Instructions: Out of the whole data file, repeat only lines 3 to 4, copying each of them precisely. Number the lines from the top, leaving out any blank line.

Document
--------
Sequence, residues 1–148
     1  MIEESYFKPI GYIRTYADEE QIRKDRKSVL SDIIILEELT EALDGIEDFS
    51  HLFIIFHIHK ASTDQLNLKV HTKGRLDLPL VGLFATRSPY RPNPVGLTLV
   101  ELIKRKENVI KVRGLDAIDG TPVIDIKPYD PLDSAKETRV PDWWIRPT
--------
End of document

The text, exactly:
    51  HLFIIFHIHK ASTDQLNLKV HTKGRLDLPL VGLFATRSPY RPNPVGLTLV
   101  ELIKRKENVI KVRGLDAIDG TPVIDIKPYD PLDSAKETRV PDWWIRPT